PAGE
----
What could this compass graph represent?
September 17, 2016 10:28 AM   Subscribe

This compass is on all of the Bucharest Metro maps on the interior walls of the trains. There's no accompanying scale information or other hints as to what it refers to.

It's particularly strange since I don't think the maps themselves are oriented to the cardinal points.

I've done a little searching of online forums in Romanian, but all that's there seems to be guesswork. (wind rose? population density? travel time? lazy map designer?) Has anyone seen a compass like this before on a map? What could it represent?

I don't believe that it's a lazy map designer as reverse image search turns up nothing.
posted by jpziller to Travel & Transportation (9 answers total) 2 users marked this as a favorite
Before anyone gets excited, a friend just found a thread with a purported response from the Bucharest Metro Authority (http://www.simplybucharest.ro/?p=6720):

Iata raspunsul oficial:

Urmare a solicitarii dumneavoastra înregistrata la Metrorex cu nr….., va comunicam urmatoarele:
Simbolul aflat în coltul din stânga jos al hartii Metrorex reprezinta o busola stilizata care permite identificarea nordului pe harta, fara alte semnificatii.

Google Translate:

Here is the official response:

Following your request to Metrorex recorded with no ... .. you communicate the following:
The symbol in the upper left corner of the map Metrorex is a stylized compass north map identifying no other meanings.

I'd still be interested in knowing what meanings this *could* have had in the mind of the designer. I'm not ready to give up on this yet!
posted by jpziller at 10:39 AM on September 17, 2016 [1 favorite]

That can't possibly have no other meanings. That being said, I have no idea. Day and Night time wind speeds and directions?
posted by humboldt32 at 10:52 AM on September 17, 2016 [1 favorite]

An estimate of line frequency? What does the physical lines look like?
posted by sammyo at 11:13 AM on September 17, 2016 [1 favorite]

The line drawn along the outside seems to have 15 vertices, which could correspond to the stations of the M1 line. (There are 16 stations in the M1 ring today, so maybe this was drawn before Basarab was added in 1992.)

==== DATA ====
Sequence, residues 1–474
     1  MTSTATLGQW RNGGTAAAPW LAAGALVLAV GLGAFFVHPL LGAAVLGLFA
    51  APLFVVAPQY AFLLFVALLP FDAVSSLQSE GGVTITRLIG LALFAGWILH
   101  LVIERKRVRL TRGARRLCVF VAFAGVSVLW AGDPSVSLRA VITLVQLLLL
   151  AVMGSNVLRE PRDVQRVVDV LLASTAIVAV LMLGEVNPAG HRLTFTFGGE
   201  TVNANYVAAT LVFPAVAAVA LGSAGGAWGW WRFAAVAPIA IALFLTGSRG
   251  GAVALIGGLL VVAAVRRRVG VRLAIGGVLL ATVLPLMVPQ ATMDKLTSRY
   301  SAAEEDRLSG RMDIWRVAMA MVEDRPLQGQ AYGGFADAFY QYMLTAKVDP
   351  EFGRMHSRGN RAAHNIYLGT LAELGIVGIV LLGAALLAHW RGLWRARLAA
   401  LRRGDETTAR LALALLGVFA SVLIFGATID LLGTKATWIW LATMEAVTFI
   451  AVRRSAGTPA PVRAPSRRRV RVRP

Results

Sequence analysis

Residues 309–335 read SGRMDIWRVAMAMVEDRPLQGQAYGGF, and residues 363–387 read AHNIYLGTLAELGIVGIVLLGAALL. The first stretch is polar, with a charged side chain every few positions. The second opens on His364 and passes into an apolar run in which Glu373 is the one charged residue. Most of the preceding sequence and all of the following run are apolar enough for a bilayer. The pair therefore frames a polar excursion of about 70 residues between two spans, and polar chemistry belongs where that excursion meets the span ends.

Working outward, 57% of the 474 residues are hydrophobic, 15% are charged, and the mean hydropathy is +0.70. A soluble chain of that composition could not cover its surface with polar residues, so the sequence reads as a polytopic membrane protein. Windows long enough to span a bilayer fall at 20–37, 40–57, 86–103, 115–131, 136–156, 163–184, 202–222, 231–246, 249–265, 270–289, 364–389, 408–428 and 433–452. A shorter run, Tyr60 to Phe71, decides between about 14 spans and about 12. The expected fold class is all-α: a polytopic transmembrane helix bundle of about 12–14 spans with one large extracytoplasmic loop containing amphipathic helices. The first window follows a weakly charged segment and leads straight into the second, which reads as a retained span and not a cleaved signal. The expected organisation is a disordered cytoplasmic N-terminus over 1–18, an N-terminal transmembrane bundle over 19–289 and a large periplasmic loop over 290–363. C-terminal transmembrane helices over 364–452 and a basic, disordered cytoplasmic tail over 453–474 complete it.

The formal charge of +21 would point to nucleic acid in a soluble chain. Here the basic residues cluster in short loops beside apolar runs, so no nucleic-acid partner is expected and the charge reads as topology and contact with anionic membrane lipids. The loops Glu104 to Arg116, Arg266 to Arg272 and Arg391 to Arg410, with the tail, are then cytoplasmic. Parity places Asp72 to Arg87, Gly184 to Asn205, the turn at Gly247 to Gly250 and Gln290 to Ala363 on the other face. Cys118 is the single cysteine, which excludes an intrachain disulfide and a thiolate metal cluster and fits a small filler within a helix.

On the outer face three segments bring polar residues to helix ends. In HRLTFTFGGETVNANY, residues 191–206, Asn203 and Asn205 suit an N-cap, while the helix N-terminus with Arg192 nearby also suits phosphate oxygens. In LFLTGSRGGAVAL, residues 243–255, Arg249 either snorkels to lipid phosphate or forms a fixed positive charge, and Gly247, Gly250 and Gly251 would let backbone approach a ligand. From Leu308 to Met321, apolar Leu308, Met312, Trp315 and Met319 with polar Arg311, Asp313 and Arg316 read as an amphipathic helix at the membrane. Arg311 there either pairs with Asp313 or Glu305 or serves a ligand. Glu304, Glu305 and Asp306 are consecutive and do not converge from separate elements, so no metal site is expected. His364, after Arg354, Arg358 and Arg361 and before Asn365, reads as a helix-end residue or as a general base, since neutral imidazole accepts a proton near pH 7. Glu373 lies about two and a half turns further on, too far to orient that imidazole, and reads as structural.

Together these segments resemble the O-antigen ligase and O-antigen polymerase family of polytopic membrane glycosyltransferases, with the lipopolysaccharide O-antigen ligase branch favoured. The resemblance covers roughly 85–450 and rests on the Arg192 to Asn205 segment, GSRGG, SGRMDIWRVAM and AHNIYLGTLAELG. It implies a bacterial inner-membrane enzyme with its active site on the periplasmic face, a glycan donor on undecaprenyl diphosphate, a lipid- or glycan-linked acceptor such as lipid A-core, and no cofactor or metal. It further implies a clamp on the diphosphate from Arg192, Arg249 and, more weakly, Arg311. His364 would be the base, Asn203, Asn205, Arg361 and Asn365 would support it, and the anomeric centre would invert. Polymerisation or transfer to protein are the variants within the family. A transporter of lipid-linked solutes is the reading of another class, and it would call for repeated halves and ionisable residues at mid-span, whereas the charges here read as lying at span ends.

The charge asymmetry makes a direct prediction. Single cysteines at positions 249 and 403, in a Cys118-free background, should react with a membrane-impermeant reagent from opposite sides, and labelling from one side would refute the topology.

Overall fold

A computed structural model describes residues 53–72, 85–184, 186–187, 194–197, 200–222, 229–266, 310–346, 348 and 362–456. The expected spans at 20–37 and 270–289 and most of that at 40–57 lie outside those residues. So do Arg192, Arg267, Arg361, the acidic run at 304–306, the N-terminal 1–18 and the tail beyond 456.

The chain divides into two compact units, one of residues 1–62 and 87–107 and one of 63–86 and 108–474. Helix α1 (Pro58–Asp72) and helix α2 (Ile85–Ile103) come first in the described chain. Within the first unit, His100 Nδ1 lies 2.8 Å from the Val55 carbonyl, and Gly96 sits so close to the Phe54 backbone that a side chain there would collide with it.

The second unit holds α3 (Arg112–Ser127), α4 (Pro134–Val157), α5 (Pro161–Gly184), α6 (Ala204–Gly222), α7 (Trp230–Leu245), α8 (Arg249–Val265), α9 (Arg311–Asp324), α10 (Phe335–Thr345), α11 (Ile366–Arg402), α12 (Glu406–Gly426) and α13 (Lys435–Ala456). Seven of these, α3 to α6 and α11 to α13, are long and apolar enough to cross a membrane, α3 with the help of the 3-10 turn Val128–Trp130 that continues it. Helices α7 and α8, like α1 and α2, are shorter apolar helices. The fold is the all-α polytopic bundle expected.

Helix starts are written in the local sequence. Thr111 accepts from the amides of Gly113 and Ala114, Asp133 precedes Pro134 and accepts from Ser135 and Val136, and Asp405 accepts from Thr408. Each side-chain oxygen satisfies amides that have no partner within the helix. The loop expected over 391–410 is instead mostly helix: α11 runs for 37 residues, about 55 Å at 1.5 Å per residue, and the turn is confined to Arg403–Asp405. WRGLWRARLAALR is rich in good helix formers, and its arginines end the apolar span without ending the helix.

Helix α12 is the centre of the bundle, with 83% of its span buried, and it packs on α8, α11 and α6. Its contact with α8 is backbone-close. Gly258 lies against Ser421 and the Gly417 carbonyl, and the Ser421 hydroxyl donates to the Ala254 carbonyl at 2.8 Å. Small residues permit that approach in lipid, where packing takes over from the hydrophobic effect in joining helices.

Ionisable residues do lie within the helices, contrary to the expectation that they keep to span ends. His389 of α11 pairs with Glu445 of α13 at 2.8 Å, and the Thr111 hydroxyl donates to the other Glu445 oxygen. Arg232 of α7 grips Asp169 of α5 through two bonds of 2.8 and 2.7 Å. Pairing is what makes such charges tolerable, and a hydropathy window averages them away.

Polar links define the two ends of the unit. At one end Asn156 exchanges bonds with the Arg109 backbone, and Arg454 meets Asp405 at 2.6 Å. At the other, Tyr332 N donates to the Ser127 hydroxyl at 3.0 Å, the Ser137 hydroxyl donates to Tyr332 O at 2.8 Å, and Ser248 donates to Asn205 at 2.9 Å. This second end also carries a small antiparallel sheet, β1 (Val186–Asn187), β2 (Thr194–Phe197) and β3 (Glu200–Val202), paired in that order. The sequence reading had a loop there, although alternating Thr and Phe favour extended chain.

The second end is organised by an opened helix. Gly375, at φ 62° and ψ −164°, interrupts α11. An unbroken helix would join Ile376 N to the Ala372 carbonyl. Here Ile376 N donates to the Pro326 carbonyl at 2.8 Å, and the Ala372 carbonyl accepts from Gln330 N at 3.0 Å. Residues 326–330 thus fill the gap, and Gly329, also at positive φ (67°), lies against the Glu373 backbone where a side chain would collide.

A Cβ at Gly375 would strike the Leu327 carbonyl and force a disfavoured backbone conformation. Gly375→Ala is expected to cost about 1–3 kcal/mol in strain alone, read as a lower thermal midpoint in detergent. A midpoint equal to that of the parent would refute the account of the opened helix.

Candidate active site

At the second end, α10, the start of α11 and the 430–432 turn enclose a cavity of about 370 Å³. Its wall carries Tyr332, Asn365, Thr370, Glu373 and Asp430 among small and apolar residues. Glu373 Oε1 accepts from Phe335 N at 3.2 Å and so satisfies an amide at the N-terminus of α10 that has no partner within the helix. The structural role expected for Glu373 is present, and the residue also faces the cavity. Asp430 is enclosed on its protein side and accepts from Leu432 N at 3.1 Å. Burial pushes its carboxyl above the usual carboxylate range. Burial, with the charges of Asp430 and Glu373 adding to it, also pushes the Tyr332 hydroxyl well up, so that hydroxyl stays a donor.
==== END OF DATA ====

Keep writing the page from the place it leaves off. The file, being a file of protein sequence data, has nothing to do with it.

My first guess is that the thickness of the line would indicate trip frequency (e.g. every 1 minute between the station at NW and the one at W; every 7 minutes between the stations near NE; etc.). That doesn't seem to match the trip frequencies today, but maybe they have changed.

The numbers on the inner graph look more like travel times, maybe, but measured from where to where? Maybe related to the eight terminal points of the outer Metro lines?
posted by mbrubeck at 11:15 AM on September 17, 2016

Can we get a photo of the whole map? Does it show fare zones?
posted by I-baLL at 11:16 AM on September 17, 2016 [1 favorite]

Those are fare zones or sort of like them.
posted by jessamyn at 11:19 AM on September 17, 2016

I meant the map with the compass since the map with the farezones on that site does not feature the compass. The map on which the compass is on may be essential to understanding why the compass is designed the way it is.
posted by I-baLL at 11:23 AM on September 17, 2016

The folks in this discussion forum seem to think it's a wind chart that was placed there for basically no reason. They link to the original image.
posted by jessamyn at 11:26 AM on September 17, 2016 [4 favorites]

Heh, interesting. The map that it's on does show a lot more fare zones which matched my theory of the compass showing the lines' starting and end points and fare zones but the wind chart thing seems like the ticket (especially since there's no fare zone 20 on that map. On that map they only go up to 19.) Cool! Now I feel like I should learn how wind charts work.
posted by I-baLL at 11:57 AM on September 17, 2016 [1 favorite]

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